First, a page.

Open data standards, low-cost sensors, and internet of things connectivity are helping cities create new technology platforms to manage social interactions, the environment, health, transportation, water management, and utilities.
Using genetically modified organisms, LanzaTech is looking to turn the world’s industrial waste gases into fuels and chemicals.
The U.S. uses its digital surveillance capabilities to commit industrial espionage, Edward Snowden has claimed in an interview with German network NDR,…
One of the world’s largest offshore wind farms — it can power half-a-million homes a year — has been fully built off the coast of England.
Siemens is planning a big layoff after it couldn’t find a buyer for its solar thermal technology, for which it paid $418 million in 2009.
Power grid operators and utilities are increasingly turning to big data analytics and tools. This week European power giant E.ON said it plans to work with Ericsson for a smart meter data project in Sweden.
Utilities are increasingly embracing the tools needed to manage big data, and on Monday data warehouse software firm Teradata said it’s teamed up with power grid giant Siemens for a better way to manage the massive data flowing off the smart grid.
Startup Asthmapolis has raised $5 million from The Social+Capital Partnership for an asthma management system that combines sensor technology, smartphones and personalized feedback.
Data and machine learning are breakthroughs for the energy efficiency of buildings. Startup BuildingIQ is using these tools to grow its building energy optimization business, and it’s just brought on some major energy industry backers.
Google has now invested in a Hoover Dam’s worth — or 2 GW — of clean power. The latest investment, announced on Wednesday is a $200 million equity stake into a wind farm in Texas.
A Colorado startup has come up a light-weight motor for wind turbine generators that borrows the design of a printed circuit board. Boulder Wind Power is lining up its first customer that plans to give its technology a try.
Energy giant Siemens is leaving the solar market after investing heavily in solar technology and power plant construction. The decision is bad news for startups looking for corporate VCs.
Nokia Siemens Network just turned a big quarterly profit, all thanks to its recent LTE momentum. The infrastructure vendor is trying to build on that momentum by pushing into future LTE technologies like small cells and HetNet, which it claims will increase network capacity 1,000-fold.
While the massive blackouts in India are focusing attention on the opportunities for clean power in India, the country already has many solar projects under way. Here are some of the most notable and promising efforts.
Today’s itinerary takes us to Arizona, where researchers have developed a mirror technology they hope can make solar competitive. Next stop is a city in Massachusetts, which is a poster child for energy efficiency savings that other cash-strapped cities may find instructive; Plus three other projects.
There is no mistaking that SCADA (traditional control networks for utilities) is under assault. Over the past several years, wireless IP-based communication networks have proven to be worthy for distribution automation applications.
China likes to do things on a grand scale, which allows it serve its vast population spreading out in huge regions and brag about its technical advancements. Here comes another one: the country is now building a transmission line with a whopping 800-kilovolt of capacity that will ferry wind and solar power over 2,210 kilometers (1,373 miles).
Not all the opportunities in the smart grid are about big data and analytics. Power gear giants Siemens and ABB unveiled separately that they plan to make large grid gear acquisitions. Siemens will buy RuggedCom, and ABB will buy Thomas & Betts Corp.
After a variety of strategies and around $100 million in funding, startup Tendril is now largely a software company, and on Tuesday at the DistribuTECH conference in San Antonio, Tendril announced a big partner in its play to provide the software layer for electric vehicles: BMW.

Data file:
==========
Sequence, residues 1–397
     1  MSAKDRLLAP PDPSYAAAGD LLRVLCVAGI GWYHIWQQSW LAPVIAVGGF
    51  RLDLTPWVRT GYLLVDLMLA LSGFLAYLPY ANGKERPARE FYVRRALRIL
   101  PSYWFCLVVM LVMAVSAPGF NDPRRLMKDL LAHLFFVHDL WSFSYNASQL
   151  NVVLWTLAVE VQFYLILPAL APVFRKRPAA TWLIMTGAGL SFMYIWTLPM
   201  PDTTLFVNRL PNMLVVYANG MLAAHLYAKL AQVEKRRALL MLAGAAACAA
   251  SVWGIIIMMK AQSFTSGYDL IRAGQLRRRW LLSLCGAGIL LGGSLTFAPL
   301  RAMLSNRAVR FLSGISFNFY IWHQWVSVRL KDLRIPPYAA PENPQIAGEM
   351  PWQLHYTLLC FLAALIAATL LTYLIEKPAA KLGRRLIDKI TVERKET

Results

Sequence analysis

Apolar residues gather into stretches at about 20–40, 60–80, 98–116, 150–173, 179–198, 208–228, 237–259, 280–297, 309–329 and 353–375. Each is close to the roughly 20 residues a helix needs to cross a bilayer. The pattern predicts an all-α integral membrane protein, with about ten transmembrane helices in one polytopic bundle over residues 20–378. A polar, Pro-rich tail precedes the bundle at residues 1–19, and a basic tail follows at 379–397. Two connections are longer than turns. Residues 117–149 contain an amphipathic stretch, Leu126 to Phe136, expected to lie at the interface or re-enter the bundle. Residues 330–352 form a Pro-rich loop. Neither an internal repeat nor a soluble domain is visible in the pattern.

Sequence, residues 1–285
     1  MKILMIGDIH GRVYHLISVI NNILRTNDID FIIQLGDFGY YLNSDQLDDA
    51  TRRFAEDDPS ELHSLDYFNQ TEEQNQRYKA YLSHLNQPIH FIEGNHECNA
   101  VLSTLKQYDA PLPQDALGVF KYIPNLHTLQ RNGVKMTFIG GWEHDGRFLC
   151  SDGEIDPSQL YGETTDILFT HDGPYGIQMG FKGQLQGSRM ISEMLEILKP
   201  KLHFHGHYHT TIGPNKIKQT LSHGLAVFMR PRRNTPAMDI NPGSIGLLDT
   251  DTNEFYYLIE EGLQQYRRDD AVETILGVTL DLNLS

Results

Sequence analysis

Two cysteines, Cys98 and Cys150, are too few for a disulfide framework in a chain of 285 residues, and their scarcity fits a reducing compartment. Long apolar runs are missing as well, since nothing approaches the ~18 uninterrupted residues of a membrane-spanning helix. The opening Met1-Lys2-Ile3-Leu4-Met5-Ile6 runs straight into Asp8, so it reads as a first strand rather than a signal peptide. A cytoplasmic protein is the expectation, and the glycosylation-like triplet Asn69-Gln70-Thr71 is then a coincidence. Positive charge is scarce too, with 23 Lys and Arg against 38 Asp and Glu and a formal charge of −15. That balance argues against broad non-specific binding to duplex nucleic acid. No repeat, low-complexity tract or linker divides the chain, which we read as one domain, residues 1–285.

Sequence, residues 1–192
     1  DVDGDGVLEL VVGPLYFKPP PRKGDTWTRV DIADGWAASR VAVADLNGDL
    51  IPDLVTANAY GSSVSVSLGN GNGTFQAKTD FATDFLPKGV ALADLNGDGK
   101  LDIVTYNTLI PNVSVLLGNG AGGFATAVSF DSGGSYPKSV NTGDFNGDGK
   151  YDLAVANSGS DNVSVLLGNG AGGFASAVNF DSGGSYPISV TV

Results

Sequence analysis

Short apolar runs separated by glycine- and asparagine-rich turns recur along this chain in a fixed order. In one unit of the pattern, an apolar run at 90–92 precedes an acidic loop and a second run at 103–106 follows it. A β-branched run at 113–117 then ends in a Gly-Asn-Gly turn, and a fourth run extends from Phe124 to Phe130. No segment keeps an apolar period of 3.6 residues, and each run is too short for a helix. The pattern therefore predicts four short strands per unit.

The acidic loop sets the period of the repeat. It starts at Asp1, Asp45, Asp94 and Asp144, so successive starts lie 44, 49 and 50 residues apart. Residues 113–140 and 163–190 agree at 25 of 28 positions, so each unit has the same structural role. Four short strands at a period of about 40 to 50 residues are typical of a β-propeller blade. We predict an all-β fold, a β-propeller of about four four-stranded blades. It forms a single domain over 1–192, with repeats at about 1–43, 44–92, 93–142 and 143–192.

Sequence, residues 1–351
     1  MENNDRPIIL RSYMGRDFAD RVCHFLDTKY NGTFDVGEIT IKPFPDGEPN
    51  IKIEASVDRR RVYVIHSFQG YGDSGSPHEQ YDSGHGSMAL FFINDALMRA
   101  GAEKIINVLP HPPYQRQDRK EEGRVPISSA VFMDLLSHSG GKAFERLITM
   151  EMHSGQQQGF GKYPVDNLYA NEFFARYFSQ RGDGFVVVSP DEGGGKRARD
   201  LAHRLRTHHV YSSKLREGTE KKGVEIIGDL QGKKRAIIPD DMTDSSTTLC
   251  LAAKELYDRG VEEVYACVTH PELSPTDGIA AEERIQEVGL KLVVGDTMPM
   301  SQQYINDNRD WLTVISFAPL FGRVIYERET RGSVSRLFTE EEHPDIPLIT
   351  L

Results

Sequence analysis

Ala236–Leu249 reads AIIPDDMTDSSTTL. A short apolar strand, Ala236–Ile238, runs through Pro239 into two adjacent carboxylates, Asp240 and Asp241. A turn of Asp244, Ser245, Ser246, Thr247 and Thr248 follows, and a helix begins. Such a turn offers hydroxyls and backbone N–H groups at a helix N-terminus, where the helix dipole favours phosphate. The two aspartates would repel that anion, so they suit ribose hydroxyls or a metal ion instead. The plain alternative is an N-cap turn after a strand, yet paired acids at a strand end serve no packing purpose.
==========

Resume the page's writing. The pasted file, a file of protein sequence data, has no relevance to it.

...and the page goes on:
Last week eMeter’s Chris King shared his smart grid predictions for 2012. But also, as the new year turns, he says he’s pondering these important questions, too:
Meter giant Landis+Gyr has snapped up smart meter data management company Ecologic Analytics, the companies announced on Tuesday. Ecologic Analytics has been around for over a decade, and Landis + Gyr was already a minority shareholder in the firm. Terms of the deal were not disclosed.
Nokia Siemens Networks said it will sell its wireline broadband assets to ADTRAN for an undisclosed amount. The deal is the second in as many months for NSN, which had previously been hoping to find a buyer for the whole business.
One of the key ways that eMeter has developed over the past 20 months since its current CEO Gary Bloom came on board has been to act like an enterprise software company, according to an indepth interview with Bloom in Xconomy. It’s a solid tip.
Power and engineering giant Siemens will buy smart meter software company eMeter, the companies announced on Monday. While the companies did not disclose the price, this is one of the most high-profile deals for the smart grid in 2011.
The U.S. military has stepped up efforts to invest and use more cleantech at its bases and battlefields, including renewable electricity, energy storage and a host of energy efficiency technologies. Here is a list of plans and projects underway.
Today is the 20th birthday of the first GSM phone call, which in many ways was the start of the global wireless revolution. GSM was adopted in 1987 as a standard. More than 4.4 billion people use phones based on GSM today.
U.S. startup Nuvve is setting its sights on the vehicle-to-grid (V2G) market with a 30-car project in Denmark that it says will sell plug-in car battery power to help stabilize the grid. Can the model scale?
Power gear giant Siemens has bought a stake in startup Semprius that makes solar concentrating photovoltaic tech, which use mirrors and lenses to concentrate sunlight onto highly efficient solar cells. Solar concentrating PV is a sort of hybrid between solar panels and solar thermal tech.
Power gear giant Siemens announced on Monday that it has invested in, and will also market technologies from, home energy startup Tendril. Tendril sells software and devices that monitor and manage the home energy consumption of consumers.
Power gear giants continue their smart grid shopping spree. Schneider Electric is bidding to buy software maker Telvent for about $2 billion. The acquisition would give Schneider, which is a massive power equipment maker, more software and IT capabilities for the power grid.